Just south of Camogli are the legendary Cinque Terre – five dramatic medieval cliff-top villages accessible only by train, ferry or on foot. Basing ourselves at the Hotel Pasquale, a delightful family-run residence on the edge of the harbor in Monterosso al Mare, we hike to the village of Vernazza and take the train to Manarola, Riomaggiore and Corniglia. Each has its special charms, and it is difficult to tear oneself away from the magnificent vistas.


From Camogli the road leads all the way east, to the province of Abruzzo, one of the least known in Italy. Its national parks, high mountains, deserted hilltop hamlets, medieval villages, coastal towns, and castles provide some of the most spectacular panoramas in Italy.

One of the five medieval villages of the Cinque Terre

Vernazza in the Cinque Terre of Liguria

In the mountaintop village of Civitella del Tronto, we are the only guests at the Hotel Zunica, housed in a 17th-century building under the brooding walls of the Fortezza, the largest medieval fortified castle in Europe. The views from our room extend from the Grand Sasso Mountain to the blue Adriatic coastline, shimmering in the morning sunlight.

Considered to be one of the best in the province, the hotel restaurant serves a menu that changes with the seasons. A private three-day cooking school provides a hands-on experience shopping for fresh ingredients and then working with the chef to prepare dinner.

The hilltop town of Civitella del Tronto, Abruzzo

Civitella del Tronto


Most recently in the news because of the spate of earthquakes that have devastated part of this area, Le Marche is another of Italy’s lesser-known regions filled with national parks, medieval villages, castles and a rich history. For us, it is a day-trip to visit the picturesque town of Ascoli Piceno.

Located on the banks of the Tronto and Castellano rivers, Ascoli Piceno is even older than Rome. Known as the ‘City of 100 towers,’ 50 medieval structures still stand over the “City of Marble,” with its expansive piazzas and unique architecture.


The traditional fishing equipment in the Abruzzo.

A Trabucco in the Abruzzo, Italy

Puglia looks like a short drive from the Abruzzo. However, distances are deceptive because the narrow roads serpentine up and down the cliffs. What looks like a short 30-minute drive turns into a two-hour odyssey.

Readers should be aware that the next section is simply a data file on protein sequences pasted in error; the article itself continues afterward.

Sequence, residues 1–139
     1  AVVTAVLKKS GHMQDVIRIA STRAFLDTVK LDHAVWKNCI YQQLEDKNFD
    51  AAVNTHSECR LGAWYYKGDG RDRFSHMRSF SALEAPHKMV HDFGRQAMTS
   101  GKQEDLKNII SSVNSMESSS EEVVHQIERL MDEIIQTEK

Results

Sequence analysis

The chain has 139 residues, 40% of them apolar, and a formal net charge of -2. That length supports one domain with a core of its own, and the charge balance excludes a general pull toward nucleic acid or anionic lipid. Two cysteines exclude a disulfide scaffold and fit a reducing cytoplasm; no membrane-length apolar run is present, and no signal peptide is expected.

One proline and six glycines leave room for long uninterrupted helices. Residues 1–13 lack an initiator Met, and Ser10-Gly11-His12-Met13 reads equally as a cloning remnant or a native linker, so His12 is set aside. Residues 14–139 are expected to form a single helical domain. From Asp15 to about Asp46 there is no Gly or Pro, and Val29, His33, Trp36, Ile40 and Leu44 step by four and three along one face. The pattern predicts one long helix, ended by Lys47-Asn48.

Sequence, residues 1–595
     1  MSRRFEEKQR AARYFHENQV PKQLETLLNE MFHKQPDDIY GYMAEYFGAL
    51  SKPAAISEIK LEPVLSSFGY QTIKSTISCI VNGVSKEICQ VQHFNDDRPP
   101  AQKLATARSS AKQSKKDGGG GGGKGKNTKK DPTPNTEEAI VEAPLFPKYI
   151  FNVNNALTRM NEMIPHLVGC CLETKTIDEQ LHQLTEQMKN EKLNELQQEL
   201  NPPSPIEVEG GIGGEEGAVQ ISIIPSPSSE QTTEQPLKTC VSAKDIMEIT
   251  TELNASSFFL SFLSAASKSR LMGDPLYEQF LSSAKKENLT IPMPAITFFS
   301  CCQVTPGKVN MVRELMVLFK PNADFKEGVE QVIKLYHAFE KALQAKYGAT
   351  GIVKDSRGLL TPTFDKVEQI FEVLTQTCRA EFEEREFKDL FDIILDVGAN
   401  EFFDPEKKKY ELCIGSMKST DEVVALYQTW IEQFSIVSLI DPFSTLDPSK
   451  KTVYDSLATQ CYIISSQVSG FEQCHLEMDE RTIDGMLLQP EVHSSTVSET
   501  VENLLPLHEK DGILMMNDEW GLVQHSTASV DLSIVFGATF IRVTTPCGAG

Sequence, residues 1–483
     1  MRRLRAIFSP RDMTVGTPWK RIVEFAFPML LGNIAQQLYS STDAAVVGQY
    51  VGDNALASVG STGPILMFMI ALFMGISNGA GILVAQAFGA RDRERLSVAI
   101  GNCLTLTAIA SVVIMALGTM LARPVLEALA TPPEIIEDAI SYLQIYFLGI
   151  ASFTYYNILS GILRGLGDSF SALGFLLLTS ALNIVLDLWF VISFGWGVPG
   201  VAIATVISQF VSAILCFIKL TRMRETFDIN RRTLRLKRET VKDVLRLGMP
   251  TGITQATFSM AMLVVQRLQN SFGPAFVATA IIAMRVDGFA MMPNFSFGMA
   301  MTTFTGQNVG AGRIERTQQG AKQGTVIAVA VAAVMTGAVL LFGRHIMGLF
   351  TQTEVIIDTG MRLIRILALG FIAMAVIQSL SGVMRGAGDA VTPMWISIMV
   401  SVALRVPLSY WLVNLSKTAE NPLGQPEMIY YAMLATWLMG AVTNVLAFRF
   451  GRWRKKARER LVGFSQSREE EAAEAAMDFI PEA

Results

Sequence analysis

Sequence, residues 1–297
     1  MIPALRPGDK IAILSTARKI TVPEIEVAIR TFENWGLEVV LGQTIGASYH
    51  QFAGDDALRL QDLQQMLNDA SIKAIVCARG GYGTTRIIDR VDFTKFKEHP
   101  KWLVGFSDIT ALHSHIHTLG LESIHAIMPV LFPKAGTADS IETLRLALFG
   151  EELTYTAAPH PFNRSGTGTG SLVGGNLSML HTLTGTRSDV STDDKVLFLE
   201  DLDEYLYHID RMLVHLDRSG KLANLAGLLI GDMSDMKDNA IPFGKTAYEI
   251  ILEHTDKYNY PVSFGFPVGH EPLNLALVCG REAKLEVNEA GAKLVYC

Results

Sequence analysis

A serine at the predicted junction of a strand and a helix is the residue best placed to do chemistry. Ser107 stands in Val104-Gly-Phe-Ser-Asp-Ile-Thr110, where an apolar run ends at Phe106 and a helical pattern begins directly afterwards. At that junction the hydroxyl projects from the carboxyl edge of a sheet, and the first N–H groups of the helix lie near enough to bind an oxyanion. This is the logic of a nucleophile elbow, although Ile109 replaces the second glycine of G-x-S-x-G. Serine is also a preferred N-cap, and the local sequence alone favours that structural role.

Our first stop is Vieste on the Gargano Peninsula, the spur on Italy’s boot. Built on top of the steep Pizzomunno cliffs, the city perches on a promontory jutting into the azure Adriatic.

Basing ourselves here, we explore the area with a number of day trips, including to the magnificent Castel del Monte, a 13th century citadel and castle built by Emperor Frederick II. Trabucchi, the old, traditional, fishing contraptions dot the coastline, while the rarely visited Tremiti Islands sit a few miles offshore in the Adriatic.

Our last stop in Puglia is the fantastic Masseria Il Frantoio near the so-called “White City” of Ostuni (in the Salento region). The region is filled with fantastical, conical, stone Trulli structures, medieval castles, and beautiful white sand beaches. Olive trees, some over a thousand years old, stretch to the horizon between ancient stone walls. From here you can explore the iconic towns of Alberobello and Locorotondo as well as several coastal towns, including Ostuni.

The rain washed entrance to the Masseria Il Frantoio, Puglia

Courtyard of the Masseria Il Frantoio, Ostuni, Puglia

The Masseria is a 500-year old fortified farm, its unique rooms decorated with some of the artifacts that Armando Balestrazzi and his wife, Rosalba, found when they bought the property some years ago.

The dining room is the scene of lavish eight-course meals prepared by an army of grandmothers in the kitchen, using the homegrown produce from the farm. In all our travels there are few places we have found as welcoming as the Masseria Il Frantoio. We leave reluctantly, having adopted a 1,000-year-old olive tree as part of a plan to preserve them for future generations.

Our road trip to Italy ends all too soon with a long drive back to Rome for our flight home. There is so much more to Italy than the major cities. If you are the slightest bit adventurous, have an open mind about wandering aimlessly with no firm destination and don’t mind getting lost from time to time, then consider an Italian road trip.


We spent a month traveling across Italy. Although this itinerary can certainly be done in a shorter period, there are some constraints such as the speed you can travel on the back roads and mountain roads, the sheer number of places to visit, and the desire to make the adventure about the journey as well as the destinations.